Surgical Endoscopy

, Volume 31, Issue 5, pp 2072–2088 | Cite as

Laparoscopic colorectal cancer resections in the obese: a systematic review

  • Alastair Fung
  • Nora Trabulsi
  • Martin Morris
  • Richard Garfinkle
  • Abdulaziz Saleem
  • Steven D. Wexner
  • Carol-Ann Vasilevsky
  • Marylise Boutros



Laparoscopic colorectal cancer operations in obese patients pose technical challenges that may negatively impact oncologic adequacy. A meta-analysis was performed to assess the oncologic outcomes of laparoscopic colorectal cancer resections in obese compared to non-obese patients. Short- and long-term outcomes were assessed secondarily.


A systematic literature search was conducted from inception until October 01, 2014. Studies that compared outcomes of laparoscopic colorectal malignant neoplasms in obese and non-obese patients were selected for meta-analysis. Studies that defined obesity as body mass index (BMI) ≥ 30 kg/m2 were included. Oncologic, operative, and postoperative outcomes were evaluated. Pooled odds ratios (OR) and weighted mean differences (WMD) with 95 % confidence intervals (CI) were calculated using fixed-effects models. For oncologic and survival outcomes, a subgroup analysis was conducted for rectal cancer and a secondary analysis was conducted for Asian studies that used a BMI cutoff of 25 kg/m2.


Thirteen observational studies with a total of 4550 patients were included in the meta-analysis. Lymph node retrieval, distal, and circumferential margins, and 5-year disease-free and overall survival were similar in the obese and non-obese groups. Conversion rate (OR 2.11, 95 % CI 1.58–2.81), postoperative morbidity (OR 1.54, 95 % CI 1.21–1.97), wound infection (OR 2.43, 95 % CI 1.46–4.03), and anastomotic leak (OR 1.65, 95 % CI 1.01–2.71) were all significantly increased in the obese group.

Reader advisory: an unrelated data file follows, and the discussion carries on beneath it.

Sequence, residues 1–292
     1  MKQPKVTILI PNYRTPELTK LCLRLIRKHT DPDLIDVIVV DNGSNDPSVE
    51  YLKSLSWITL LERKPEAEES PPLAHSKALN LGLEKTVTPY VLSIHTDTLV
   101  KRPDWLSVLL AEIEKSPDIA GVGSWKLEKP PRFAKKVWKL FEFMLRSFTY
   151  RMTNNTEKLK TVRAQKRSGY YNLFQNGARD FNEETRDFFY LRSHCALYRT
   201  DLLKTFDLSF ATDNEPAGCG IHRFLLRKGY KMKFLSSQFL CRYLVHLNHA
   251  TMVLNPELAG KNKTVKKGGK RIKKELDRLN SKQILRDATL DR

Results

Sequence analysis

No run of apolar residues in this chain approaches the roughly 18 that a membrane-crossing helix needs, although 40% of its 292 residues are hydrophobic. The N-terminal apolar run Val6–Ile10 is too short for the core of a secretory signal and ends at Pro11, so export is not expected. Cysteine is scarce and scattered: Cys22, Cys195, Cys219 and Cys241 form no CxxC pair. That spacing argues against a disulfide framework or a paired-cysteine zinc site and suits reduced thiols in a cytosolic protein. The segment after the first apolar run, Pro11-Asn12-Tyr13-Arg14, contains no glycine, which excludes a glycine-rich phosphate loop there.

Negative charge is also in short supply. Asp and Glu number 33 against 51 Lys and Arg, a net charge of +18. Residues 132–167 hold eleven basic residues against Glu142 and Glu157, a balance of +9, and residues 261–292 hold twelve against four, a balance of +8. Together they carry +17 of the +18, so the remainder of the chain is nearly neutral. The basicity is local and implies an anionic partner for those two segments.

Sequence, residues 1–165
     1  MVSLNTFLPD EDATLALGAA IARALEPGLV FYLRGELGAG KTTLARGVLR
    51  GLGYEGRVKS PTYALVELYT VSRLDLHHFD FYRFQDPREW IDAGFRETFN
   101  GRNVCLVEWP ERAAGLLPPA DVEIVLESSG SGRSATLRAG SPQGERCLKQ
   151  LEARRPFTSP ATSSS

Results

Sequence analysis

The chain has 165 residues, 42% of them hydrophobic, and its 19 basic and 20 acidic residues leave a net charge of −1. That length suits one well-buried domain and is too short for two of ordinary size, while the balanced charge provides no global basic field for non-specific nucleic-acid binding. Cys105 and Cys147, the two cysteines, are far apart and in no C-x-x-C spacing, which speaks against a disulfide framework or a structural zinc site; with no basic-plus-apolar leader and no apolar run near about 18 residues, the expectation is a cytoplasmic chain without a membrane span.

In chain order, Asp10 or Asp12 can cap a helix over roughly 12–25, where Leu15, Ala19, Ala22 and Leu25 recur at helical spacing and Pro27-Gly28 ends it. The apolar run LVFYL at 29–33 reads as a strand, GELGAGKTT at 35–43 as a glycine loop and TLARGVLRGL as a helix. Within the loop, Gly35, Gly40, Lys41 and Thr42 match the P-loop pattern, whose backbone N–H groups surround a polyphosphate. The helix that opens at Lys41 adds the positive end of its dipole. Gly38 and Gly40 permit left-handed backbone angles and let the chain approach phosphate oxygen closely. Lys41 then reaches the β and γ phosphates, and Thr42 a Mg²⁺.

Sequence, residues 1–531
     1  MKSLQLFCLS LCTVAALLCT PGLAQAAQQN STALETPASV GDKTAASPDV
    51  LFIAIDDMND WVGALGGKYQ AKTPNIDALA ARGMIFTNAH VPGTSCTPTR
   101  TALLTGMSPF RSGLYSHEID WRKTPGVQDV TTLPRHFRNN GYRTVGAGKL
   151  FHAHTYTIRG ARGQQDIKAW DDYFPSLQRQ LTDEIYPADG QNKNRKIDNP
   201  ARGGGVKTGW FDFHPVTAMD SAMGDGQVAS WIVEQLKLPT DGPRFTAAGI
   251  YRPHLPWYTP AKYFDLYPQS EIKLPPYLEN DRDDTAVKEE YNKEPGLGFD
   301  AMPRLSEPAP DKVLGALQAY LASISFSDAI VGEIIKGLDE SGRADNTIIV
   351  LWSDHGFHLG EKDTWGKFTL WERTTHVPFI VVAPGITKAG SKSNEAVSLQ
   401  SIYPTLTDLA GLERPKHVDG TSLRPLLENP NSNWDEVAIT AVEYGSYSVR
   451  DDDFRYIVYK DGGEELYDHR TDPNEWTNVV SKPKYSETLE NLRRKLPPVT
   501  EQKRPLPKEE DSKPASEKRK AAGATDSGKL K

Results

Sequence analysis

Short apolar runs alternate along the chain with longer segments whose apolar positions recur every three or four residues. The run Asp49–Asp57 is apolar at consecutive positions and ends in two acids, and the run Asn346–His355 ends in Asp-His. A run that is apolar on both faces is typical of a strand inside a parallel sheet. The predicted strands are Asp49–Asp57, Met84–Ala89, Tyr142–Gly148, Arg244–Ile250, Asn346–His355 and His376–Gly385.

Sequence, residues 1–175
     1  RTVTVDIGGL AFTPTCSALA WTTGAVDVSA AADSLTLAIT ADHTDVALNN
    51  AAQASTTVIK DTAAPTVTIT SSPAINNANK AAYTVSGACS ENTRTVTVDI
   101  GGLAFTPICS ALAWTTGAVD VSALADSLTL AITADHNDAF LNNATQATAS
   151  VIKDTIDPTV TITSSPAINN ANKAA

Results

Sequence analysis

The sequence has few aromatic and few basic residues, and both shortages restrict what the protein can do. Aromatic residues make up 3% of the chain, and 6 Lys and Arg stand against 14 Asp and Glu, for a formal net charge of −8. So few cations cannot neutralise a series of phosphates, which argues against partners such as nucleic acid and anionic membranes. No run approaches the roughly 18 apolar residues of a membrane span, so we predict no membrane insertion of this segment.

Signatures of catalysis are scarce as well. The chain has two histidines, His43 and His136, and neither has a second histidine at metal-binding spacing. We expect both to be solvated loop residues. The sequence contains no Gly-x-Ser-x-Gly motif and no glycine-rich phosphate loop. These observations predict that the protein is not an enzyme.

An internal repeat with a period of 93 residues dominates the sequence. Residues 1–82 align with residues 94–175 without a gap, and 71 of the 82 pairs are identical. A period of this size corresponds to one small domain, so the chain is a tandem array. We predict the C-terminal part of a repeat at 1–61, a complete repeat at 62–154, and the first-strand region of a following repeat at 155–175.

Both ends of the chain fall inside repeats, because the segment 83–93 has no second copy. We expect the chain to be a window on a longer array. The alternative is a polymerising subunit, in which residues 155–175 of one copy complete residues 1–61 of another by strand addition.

Laparoscopic colorectal cancer operations in obese patients pose an increased technical challenge as demonstrated by higher conversion rates and higher risk of postoperative complications compared to non-obese patients. Despite these challenges, oncologic adequacy of laparoscopic colorectal cancer resections is comparable in both groups.


Laparoscopic Minimally invasive Open Colorectal Cancer resections Obese Outcomes 



With their permission, we have used words from a Cochrane Schizophrenia Group template for the Methods and Data Collection and Analysis sections of this study and adapted them to our needs [56]. The authors also thank Ms. Marie Demian for her editorial assistance and Ms. Robin Featherstone for her review of our protocol.

Compliance with ethical standards


Dr. Wexner reports personal fees from Karl Storz Endoscopy America, during the conduct of the study. Drs. Fung, Trabulsi, Morris, Garfinkle, Saleem, Vasilevsky, and Boutros have nothing to disclose.


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Copyright information

© Springer Science+Business Media New York 2016

Authors and Affiliations

  • Alastair Fung
    • 1
  • Nora Trabulsi
    • 1
    • 2
  • Martin Morris
    • 3
  • Richard Garfinkle
    • 1
  • Abdulaziz Saleem
    • 1
    • 2
  • Steven D. Wexner
    • 4
  • Carol-Ann Vasilevsky
    • 1
  • Marylise Boutros
    • 1
  1. 1.Department of Surgery, Colorectal SurgerySir Mortimer B. Davis Jewish General HospitalMontrealCanada
  2. 2.Department of SurgeryKing Abdul-Aziz University HospitalJeddahSaudi Arabia
  3. 3.Schulich Library of Science and EngineeringMcGill UniversityMontrealCanada
  4. 4.Department of Colorectal SurgeryCleveland ClinicWestonUSA

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